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Genetic Diversity and Microevolution of Burkholderia pseudomallei in the Environment

DOI: 10.1371/journal.pntd.0000182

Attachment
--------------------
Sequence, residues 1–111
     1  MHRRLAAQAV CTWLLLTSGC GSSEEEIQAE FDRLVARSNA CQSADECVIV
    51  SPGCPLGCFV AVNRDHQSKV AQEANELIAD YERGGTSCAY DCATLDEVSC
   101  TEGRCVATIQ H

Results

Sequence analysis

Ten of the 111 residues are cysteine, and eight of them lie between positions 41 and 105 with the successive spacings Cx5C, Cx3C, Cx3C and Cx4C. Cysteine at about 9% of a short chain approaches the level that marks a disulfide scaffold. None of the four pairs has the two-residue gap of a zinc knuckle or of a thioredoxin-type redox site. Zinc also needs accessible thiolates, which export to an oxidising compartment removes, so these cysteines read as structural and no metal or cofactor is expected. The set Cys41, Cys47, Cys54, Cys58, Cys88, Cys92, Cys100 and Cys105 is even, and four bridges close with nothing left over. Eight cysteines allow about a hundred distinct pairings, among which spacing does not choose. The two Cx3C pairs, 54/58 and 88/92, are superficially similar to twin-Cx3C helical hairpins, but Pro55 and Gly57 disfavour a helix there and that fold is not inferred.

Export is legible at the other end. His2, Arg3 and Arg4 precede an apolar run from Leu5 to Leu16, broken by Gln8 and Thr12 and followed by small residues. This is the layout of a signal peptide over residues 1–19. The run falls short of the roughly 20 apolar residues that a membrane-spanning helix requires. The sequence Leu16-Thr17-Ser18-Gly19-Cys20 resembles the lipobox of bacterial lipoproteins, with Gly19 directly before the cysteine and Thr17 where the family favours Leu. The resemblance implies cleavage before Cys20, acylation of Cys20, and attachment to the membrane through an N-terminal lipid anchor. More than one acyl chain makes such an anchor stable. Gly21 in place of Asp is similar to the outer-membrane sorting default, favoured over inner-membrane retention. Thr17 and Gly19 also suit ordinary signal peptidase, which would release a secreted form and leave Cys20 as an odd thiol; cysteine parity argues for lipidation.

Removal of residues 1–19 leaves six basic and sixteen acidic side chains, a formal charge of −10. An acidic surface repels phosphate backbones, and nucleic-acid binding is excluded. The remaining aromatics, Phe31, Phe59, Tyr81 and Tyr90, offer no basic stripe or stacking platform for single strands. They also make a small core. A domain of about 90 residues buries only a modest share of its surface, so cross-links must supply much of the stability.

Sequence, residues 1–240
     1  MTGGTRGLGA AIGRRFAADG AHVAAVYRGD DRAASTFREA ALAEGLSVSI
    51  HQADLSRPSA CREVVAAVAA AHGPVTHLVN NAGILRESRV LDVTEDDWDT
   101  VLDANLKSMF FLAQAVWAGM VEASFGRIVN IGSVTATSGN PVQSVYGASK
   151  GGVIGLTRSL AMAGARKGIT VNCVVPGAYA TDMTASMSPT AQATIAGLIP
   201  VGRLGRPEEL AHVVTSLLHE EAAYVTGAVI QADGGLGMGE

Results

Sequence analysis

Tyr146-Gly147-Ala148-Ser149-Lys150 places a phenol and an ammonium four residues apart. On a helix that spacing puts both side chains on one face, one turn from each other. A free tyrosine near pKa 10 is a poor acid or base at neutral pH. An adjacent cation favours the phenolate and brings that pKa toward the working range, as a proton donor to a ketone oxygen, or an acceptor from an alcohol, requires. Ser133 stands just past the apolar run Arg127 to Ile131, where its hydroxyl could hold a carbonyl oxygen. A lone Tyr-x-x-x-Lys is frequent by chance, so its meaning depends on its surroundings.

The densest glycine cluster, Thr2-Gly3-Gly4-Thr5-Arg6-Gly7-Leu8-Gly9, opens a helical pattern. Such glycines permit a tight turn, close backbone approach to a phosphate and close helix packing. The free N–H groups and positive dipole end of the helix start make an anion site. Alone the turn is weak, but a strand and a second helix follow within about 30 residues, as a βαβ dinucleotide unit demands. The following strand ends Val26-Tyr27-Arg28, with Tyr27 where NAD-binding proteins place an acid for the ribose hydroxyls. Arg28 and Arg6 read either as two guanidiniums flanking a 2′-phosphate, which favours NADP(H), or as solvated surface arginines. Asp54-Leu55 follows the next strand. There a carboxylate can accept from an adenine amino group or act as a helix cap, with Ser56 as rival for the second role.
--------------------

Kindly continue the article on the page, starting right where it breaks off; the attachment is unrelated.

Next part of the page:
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Background The soil dwelling Gram-negative pathogen Burkholderia pseudomallei is the cause of melioidosis. The diversity and population structure of this organism in the environment is poorly defined. Methods and Findings We undertook a study of B. pseudomallei in soil sampled from 100 equally spaced points within 237.5 m2 of disused land in northeast Thailand. B. pseudomallei was present on direct culture of 77/100 sampling points. Genotyping of 200 primary plate colonies from three independent sampling points was performed using a combination of pulsed field gel electrophoresis (PFGE) and multilocus sequence typing (MLST). Twelve PFGE types and nine sequence types (STs) were identified, the majority of which were present at only a single sampling point. Two sampling points contained four STs and the third point contained three STs. Although the distance between the three sampling points was low (7.6, 7.9, and 13.3 meters, respectively), only two STs were present in more than one sampling point. Each of the three samples was characterized by the localized expansion of a single B. pseudomallei clone (corresponding to STs 185, 163, and 93). Comparison of PFGE and MLST results demonstrated that two STs contained strains with variable PFGE banding pattern types, indicating geographic structuring even within a single MLST-defined clone. Conclusions We discuss the implications of this extreme structuring of genotype and genotypic frequency in terms of micro-evolutionary dynamics and ecology, and how our results may inform future sampling strategies.


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